Race and Medicine

Race and Medicine

Disclosures: Adusumalli reports no relevant financial disclosures. Please see the study for all other authors’ relevant financial disclosures.
January 09, 2021
2 min read

Racial, socioeconomic gaps apparent in telemedicine

Disclosures: Adusumalli reports no relevant financial disclosures. Please see the study for all other authors’ relevant financial disclosures.
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Older, Asian and non-English-speaking patients were less likely to use telemedicine during the early days of the pandemic, according to a study published in JAMA Network Open.

Researchers also found that Black, Latinx and poorer patients were less likely to use video during telemedicine visits, as opposed to the phone. The findings suggest there are gaps in telemedicine care that may require attention, the researchers said.

Srinath Adusumalli quote

“We have seen that there have been advantages to telemedicine, but we have a fairly unique opportunity right now to build our telemedical system of delivery as we are scaling it,” Srinath Adusumalli, MD, MSc, FACC, assistant professor of clinical medicine and assistant chief medical information officer for connected health strategy and applications at The University of Pennsylvania School of Medicine, told Healio.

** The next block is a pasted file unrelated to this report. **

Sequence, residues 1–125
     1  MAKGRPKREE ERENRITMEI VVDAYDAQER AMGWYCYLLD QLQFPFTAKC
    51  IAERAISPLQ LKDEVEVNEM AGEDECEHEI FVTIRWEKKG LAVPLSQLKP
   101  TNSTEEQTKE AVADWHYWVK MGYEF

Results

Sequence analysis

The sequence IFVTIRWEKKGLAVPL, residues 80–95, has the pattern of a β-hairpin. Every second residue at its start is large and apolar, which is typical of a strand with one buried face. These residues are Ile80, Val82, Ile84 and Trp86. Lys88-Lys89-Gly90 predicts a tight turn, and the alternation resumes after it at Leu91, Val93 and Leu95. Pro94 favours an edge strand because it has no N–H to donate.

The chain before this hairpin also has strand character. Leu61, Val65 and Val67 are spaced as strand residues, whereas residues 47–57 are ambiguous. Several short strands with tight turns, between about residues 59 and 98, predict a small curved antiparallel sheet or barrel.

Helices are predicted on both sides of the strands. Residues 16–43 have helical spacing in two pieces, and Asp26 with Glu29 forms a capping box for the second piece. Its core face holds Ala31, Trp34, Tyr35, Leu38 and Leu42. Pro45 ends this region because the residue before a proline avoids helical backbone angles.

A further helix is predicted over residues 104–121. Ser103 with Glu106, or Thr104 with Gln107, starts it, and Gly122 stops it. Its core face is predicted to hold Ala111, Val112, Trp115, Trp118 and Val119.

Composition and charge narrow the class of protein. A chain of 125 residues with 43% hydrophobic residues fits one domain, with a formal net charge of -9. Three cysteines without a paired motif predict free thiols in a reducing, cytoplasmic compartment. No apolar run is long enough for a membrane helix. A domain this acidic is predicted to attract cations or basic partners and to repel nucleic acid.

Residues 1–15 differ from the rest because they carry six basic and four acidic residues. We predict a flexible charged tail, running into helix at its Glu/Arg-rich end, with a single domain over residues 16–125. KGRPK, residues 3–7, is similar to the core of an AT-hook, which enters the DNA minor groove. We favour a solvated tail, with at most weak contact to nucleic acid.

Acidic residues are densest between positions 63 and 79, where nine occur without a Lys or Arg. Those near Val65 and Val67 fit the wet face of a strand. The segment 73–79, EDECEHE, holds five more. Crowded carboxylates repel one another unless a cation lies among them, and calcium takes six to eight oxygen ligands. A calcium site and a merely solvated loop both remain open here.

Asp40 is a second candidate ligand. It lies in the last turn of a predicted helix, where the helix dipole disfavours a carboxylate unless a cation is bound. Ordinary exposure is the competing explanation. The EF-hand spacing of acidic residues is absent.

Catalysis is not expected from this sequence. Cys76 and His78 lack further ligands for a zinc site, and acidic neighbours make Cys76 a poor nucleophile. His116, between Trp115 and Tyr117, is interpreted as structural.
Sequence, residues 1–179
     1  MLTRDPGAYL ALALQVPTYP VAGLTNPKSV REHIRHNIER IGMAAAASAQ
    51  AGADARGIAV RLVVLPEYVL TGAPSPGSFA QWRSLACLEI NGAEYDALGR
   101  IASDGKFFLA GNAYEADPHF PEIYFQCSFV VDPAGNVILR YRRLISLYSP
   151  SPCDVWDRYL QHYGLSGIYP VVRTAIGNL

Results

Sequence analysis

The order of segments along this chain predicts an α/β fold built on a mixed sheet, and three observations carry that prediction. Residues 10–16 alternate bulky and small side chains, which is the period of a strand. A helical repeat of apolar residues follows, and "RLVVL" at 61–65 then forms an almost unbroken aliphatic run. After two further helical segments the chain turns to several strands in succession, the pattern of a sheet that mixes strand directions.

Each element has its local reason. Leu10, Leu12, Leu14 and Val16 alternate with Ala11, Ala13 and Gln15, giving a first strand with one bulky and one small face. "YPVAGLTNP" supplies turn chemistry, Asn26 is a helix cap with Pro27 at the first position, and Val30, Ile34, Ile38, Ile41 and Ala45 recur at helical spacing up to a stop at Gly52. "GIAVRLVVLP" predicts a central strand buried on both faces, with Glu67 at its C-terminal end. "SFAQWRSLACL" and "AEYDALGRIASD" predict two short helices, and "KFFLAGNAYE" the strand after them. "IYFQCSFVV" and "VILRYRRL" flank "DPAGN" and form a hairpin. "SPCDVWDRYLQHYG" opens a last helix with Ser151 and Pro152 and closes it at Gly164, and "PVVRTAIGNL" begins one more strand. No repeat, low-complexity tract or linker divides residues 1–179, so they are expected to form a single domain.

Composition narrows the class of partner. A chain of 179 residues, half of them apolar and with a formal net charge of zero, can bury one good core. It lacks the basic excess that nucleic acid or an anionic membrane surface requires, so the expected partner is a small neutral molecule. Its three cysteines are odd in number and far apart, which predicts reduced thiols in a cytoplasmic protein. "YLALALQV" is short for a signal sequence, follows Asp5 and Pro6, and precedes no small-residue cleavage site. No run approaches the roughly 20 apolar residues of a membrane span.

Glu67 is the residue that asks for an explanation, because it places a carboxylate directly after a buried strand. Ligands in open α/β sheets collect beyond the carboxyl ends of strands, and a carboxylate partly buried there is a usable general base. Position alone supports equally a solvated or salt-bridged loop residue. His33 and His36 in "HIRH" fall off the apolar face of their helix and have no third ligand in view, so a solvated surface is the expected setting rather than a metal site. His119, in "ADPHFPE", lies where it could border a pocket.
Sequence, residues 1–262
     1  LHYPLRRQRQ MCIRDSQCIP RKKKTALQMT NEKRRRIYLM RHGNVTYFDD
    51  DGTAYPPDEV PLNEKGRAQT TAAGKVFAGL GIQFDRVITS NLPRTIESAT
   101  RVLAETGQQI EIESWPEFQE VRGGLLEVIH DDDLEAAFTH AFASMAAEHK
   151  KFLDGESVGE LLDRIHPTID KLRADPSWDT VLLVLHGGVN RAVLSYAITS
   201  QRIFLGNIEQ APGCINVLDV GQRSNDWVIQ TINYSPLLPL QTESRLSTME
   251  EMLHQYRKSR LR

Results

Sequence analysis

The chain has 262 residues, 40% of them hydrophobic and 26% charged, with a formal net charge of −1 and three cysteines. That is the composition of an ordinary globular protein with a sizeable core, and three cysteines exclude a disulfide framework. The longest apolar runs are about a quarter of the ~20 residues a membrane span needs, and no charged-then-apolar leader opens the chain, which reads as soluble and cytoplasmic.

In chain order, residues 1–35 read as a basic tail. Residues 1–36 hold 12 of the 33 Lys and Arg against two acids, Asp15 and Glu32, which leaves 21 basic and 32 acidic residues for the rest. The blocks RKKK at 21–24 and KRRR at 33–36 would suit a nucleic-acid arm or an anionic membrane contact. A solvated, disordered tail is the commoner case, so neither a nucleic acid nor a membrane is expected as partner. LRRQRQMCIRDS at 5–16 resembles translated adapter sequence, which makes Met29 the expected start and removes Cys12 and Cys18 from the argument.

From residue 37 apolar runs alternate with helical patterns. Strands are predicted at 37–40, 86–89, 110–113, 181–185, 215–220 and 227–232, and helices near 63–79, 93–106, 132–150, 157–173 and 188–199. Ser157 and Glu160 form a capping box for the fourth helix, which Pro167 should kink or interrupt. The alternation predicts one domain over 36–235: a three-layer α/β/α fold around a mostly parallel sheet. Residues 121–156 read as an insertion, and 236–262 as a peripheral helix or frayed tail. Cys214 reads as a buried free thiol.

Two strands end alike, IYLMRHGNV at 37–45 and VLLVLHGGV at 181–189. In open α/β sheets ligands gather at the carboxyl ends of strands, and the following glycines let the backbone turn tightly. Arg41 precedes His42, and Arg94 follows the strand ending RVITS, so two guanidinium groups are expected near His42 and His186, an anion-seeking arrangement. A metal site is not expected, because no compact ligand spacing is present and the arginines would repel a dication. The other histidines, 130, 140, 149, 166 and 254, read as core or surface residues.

“Part of that is that we need to make sure we are reaching all of the patients that we serve equitably,” Adusumalli said. “Relying on the use of technology to maintain access to care brings that into a particular light because of concerns regarding the digital divide.”

Adusumalli and colleagues conducted a retrospective cohort study of patients scheduled for specialty ambulatory clinics and primary care telemedicine visits in the University of Pennsylvania Health System. They reviewed medical records for the patients between March 16, 2020, and May 11, 2020, and identified the patients’ age, race, language, sex, median income, and type of insurance. The researchers then examined associations between sociodemographic factors, telemedicine use and video telemedicine use.

They identified 80,780 patients who completed telemedicine visits during the study period. A total of 45.6% of the visits were performed via video and 56.9% were conducted via phone. Being aged 55 to 64 years (adjusted OR = 0.85; 95% CI, 0.83-0.88), 65 to 74 years (aOR = 0.75; 95% CI, 0.72-0.78) and 75 years or older (aOR =0.67; 95% CI, 0.64-0.7) was associated with fewer completed telemedicine visits. Being Asian (aOR = 0.69; 95% CI, 0.66-0.73), a non-English-language speaker (aOR = 0.84; 95% CI, 0.78-0.9) and having Medicaid (aOR = 0.93; 95% CI, 0.89-0.97) also were associated with fewer telemedicine visits.

Adusumalli said that although telemedicine has existed for years, the method of scaling the technology is “relatively new” and offers researchers an opportunity to improve as they build.

“It is not necessarily that using telemedicine reduces access to care — it can potentially increase access to care — it is just that the systems that we design have to be designed with that goal in mind,” he said.

Adusumalli also said that one of the benefits of telemedicine is that it allows providers to see a patient’s living context, offering insight into details like how they organize their medications.

“The increase in utilization of telemedicine has been helpful for being able to maintain access to care while maintaining safety from a physical distancing perspective during the COVID-19 pandemic,” he said. “Along with that, we’ve also seen some of the benefits of telemedicine that involve convenience — particularly for patients with regard to being able to access visits without coming directly into the physical setting of a hospital.”